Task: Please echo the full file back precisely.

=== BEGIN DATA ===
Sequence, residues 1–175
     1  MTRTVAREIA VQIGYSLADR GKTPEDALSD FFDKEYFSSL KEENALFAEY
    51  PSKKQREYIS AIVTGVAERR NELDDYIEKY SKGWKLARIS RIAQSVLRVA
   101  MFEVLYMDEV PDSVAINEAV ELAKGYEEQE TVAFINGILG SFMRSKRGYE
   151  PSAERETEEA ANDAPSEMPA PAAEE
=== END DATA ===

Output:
Sequence, residues 1–175
     1  MTRTVAREIA VQIGYSLADR GKTPEDALSD FFDKEYFSSL KEENALFAEY
    51  PSKKQREYIS AIVTGVAERR NELDDYIEKY SKGWKLARIS RIAQSVLRVA
   101  MFEVLYMDEV PDSVAINEAV ELAKGYEEQE TVAFINGILG SFMRSKRGYE
   151  PSAERETEEA ANDAPSEMPA PAAEE